ADVOCATES of the plan to reintroduce lynx into the UK countryside have hit back at secretary of state Michael Gove's rebuff of their plans.

Mr Gove turned down the application to release six Eurasian lynx into the Kielder Forest area in the north of England, citing a long list of concerns about the credibility of both the project and the bodies behind it.

Chief scientific advisor for Lynx UK Trust, Dr Paul O'Donoghue, hit back this week, rejecting suggestions that there had been any confusion over 'what precisely we had applied to do'.

"We applied for a time limited, small scale, five year trial release of six lynx into the Kielder area, which could be stopped at any point by triggering the exit strategy and recapturing the lynx," said the campaigner. "We have not applied for a full reintroduction, just to gather the data to inform such an application.

"The ecology and ecological impact of lynx, both in persistent and reintroduced populations, is well documented throughout Europe with a large body of scientific data available, outlined and referenced in detail in our application. Further ecological impacts were considered and risk assessed, with particular attention and detail in key areas of concern such as likely impacts of lynx on other wild, agricultural and protected species, and found that in nearly all cases the impact was likely to be neutral or positive."

Mr Gove had taken expert advice from Natural England, which concluded that the application did not meet the necessary standards and had 'failed to give confidence' that the project would meet its stated aims.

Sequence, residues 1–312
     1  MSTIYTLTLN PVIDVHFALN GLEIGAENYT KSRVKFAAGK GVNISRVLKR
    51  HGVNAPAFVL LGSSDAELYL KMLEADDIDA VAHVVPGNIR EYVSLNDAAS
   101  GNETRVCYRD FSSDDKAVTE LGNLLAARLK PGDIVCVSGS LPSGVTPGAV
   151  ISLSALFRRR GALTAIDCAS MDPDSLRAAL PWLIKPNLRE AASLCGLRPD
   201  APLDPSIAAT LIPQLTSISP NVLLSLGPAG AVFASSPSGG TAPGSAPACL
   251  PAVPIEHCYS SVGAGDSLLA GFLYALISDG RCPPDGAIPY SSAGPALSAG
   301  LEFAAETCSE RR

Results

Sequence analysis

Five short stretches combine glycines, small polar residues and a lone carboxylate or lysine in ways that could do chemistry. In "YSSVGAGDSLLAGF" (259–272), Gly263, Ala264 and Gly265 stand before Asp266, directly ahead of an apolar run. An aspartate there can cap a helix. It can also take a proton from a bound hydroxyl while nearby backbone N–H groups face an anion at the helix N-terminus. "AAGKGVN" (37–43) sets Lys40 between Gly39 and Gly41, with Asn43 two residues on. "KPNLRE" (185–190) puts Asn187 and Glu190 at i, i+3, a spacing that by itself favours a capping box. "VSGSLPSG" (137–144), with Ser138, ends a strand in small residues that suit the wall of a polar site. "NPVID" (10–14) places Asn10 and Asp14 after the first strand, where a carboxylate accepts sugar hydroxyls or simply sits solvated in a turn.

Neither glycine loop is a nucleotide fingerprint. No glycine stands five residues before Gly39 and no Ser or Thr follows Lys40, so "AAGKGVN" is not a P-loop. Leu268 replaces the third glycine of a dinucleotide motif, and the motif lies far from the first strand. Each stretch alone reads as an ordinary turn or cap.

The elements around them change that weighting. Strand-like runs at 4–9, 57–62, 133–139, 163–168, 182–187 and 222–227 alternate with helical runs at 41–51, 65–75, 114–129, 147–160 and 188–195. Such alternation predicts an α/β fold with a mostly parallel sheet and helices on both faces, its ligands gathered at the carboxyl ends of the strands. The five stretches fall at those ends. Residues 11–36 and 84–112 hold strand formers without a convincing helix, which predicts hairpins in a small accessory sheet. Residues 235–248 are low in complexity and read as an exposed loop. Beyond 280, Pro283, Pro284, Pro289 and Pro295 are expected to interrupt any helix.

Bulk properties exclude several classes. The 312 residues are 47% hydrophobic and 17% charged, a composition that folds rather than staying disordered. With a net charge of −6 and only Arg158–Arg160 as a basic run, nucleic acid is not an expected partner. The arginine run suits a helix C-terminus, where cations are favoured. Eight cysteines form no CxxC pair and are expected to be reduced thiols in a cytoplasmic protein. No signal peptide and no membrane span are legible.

Dr O'Donoghue retorted: "Our trial is not a full reintroduction or a vast and intractable infrastructure change such as HS2 or a new runway at Heathrow; it's a temporary trial for a native species as much a part of our ecology and environment as a hedgehog or a robin, but with far more potential to improve that ecology through the trophic cascade effect apex species bring.

He also detailed support from people in the area in question: "We have provided letters of support from a range of local community sectors including local businesses – particularly those associated with tourism – local wildlife groups and local people clearly evidencing a broad local buy in. We offered to send dozens of further similar letters to NE on November 12, but they were not requested.

"Support was even evidenced from some local sheep farmers; the one section of the local community that has raised any significant concerns over the project," he claimed.

"As a Secretary of State you are in a privileged position to grant permission for a project that would benefit both the environment and the economy alike," concluded Dr O'Donoghue. "This is an opportunity to create real hope that the ecology of this island can be restored to the benefit of everyone that lives and works here. I would like to request a meeting with you and Natural England to further discuss the decision and the perspectives laid out above so that we can decide our next step. I, and all of the team at the Lynx UK Trust, remain as committed and determined as ever to see lynx given their chance to return."